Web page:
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Former Bank Robber Becomes a Law Professor

Shon Hopwood grew up in a Christian home in rural Nebraska. When his high-school basketball career faded and college and the military fell through, he was left with a complete lack of purpose. So, it sounded like a good idea when his best friend suggested they rob a bank.

They robbed five banks with guns. Shon knew it was wrong. Still, he couldn’t stop because of the easy money and party lifestyle that it brought him. It ended when he was arrested by the FBI and sentenced by a federal judge to 12 years in federal prison. He was 23.

Shon took a job in the prison law library. He began learning the law. Over the years he took on fellow prisoners’ cases, writing petitions they would then file in federal courts, including the U.S. Supreme Court. Fellow prisoners began calling him a “jailhouse lawyer.”

His next cell-door neighbor, Robert, would grumble about missing out on the lives of his children and he ranted about a friend who had turned against him and testified at his trial. He said he wished that guy would die. It was clear to Shon that the bitterness of life and prison had consumed him.

Shon said,

One day I walked over to Robert’s cell and watched as he smiled and danced around while sweeping the floor. My first thought was that he had scored some drugs. But when I asked why he seemed so different, he said, ‘Shon, I’m with Jesus now.’ Within days Robert had forgiven the man who had testified against him. Today, Robert is back on his farm with his family, and once a week he treks back into prison to lead a men’s Bible study.

Robert was neither the first nor the last prisoner I saw experience a complete and utter life turnaround. These inmates had a great effect on me because I saw how grace can transform everyone, even prisoners.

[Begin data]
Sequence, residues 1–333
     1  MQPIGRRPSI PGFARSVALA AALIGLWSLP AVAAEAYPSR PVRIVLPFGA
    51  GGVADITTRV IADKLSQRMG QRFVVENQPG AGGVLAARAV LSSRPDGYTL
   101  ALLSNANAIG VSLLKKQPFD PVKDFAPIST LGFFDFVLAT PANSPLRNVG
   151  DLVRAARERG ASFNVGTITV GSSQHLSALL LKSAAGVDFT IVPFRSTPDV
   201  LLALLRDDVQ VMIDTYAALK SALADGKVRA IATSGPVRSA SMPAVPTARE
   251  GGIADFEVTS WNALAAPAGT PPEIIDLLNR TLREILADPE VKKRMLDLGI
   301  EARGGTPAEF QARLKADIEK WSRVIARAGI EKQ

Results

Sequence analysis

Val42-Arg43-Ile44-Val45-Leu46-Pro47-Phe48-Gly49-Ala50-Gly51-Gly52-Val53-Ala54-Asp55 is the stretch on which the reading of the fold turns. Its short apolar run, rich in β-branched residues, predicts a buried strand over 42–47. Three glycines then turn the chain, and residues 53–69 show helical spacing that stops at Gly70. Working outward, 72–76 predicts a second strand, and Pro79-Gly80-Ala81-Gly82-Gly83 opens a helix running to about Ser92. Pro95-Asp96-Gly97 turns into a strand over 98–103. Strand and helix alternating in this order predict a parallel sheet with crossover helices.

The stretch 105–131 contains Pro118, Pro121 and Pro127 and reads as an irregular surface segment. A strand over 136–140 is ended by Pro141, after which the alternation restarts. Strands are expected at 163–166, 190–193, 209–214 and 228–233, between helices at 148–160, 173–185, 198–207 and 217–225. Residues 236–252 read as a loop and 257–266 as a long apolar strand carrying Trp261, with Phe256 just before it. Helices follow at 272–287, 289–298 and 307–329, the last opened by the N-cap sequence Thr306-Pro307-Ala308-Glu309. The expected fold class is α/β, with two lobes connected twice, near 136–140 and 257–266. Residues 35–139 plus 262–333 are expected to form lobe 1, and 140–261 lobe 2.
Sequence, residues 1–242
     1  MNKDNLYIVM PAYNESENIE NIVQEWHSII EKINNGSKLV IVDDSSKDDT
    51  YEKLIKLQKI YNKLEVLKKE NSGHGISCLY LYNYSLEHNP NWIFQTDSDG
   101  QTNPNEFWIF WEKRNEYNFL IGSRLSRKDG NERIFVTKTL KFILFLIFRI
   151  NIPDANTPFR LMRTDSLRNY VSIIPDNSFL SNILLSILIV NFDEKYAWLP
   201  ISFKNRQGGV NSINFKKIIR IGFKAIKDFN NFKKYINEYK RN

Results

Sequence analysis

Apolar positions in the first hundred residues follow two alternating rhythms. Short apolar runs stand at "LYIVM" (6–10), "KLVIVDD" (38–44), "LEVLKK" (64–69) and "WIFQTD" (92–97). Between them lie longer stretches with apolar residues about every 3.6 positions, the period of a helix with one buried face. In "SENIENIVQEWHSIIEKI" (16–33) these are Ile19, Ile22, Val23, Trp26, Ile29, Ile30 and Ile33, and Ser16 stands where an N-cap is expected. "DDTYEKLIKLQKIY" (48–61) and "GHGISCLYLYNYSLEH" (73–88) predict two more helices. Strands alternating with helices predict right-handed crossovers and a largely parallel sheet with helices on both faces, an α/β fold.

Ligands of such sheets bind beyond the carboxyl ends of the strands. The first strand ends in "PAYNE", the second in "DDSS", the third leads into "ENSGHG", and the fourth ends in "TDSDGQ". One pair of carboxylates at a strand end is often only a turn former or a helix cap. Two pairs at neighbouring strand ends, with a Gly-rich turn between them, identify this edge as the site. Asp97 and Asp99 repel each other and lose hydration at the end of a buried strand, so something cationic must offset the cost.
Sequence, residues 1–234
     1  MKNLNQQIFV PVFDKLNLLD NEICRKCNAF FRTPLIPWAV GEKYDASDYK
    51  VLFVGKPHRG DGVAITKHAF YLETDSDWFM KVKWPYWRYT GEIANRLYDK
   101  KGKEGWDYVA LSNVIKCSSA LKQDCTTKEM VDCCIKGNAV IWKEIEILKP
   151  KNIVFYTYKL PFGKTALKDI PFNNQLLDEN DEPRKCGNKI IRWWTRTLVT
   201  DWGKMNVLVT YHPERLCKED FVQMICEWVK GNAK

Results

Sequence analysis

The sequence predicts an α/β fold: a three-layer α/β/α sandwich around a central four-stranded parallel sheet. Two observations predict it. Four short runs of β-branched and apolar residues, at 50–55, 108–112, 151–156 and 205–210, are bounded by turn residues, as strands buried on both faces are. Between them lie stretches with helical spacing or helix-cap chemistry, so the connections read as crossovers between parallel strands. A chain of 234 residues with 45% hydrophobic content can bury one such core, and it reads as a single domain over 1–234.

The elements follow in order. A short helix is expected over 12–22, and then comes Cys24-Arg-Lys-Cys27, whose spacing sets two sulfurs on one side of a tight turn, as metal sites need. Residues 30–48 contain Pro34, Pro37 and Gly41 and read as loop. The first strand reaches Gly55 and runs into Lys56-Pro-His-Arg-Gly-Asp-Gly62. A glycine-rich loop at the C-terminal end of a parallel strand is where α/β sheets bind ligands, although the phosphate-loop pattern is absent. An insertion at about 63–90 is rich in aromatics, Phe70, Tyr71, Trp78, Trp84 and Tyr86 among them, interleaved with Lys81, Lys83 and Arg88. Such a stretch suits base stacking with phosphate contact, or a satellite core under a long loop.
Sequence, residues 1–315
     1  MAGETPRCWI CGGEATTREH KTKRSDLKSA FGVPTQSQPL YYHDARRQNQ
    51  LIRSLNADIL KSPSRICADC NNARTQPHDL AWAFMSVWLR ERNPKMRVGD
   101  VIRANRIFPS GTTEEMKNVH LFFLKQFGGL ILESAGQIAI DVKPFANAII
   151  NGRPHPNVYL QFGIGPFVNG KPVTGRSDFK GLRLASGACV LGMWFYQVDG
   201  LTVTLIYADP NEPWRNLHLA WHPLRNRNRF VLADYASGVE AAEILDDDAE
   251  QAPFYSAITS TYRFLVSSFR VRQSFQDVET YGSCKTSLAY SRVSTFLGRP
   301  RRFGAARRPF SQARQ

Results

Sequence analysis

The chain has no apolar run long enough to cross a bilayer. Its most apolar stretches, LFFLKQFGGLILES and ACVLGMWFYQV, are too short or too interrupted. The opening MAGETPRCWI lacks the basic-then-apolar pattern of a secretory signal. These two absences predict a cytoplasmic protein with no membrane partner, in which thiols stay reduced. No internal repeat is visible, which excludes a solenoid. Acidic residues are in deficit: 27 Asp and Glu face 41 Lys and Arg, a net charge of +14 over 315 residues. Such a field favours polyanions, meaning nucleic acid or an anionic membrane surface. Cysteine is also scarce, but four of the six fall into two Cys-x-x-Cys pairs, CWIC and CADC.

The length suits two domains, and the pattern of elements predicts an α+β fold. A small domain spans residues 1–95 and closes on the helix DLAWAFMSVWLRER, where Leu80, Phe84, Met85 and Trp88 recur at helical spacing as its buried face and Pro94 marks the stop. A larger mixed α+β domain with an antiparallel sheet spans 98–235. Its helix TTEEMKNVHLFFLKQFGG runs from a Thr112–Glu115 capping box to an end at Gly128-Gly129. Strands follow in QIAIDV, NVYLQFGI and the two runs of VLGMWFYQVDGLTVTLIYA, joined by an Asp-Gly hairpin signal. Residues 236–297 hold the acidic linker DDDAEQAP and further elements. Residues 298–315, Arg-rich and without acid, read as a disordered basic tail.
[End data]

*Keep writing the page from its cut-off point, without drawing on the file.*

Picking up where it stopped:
Shon was released in 2009, during the heart of the recession, when work was hard to find, especially for a former inmate. But then another grace arrived: He found a position at a leading printer of Supreme Court briefs in Omaha, helping attorneys perfect their briefs.

Shon became engaged but the pastor would not marry them without premarital counseling. During the first session, the pastor asked what they believed about Jesus. Shon said, “When he talked about grace, that free gift of salvation, I listened, especially when he said that I could be forgiven. ‘Yeah, even you, Shon.’ I couldn’t escape the feeling that God had been pursuing me for a long time.”

Shon writes:

In Ephesians 1:7–8, Paul writes that in Christ “we have redemption through his blood, the forgiveness of sins, in accordance with the riches of God’s grace that he lavished on us.” Grace says we are not defined by our failures and our faults, but by a love without merit or condition. God’s grace was enough to redeem me.

Nearly five years have passed since I made the most important decision of my life: to surrender to this grace. I got married, and my wife also became a believer. We moved to Seattle so I could attend the University of Washington Law School on a full-ride scholarship. Looking back over the course of my life, I can see that although I rarely returned the favor, God hotly pursued me.

Editor’s Note: Today Shon Robert Hopwood is an author, appellate lawyer, and professor of law at Georgetown University Law Center.

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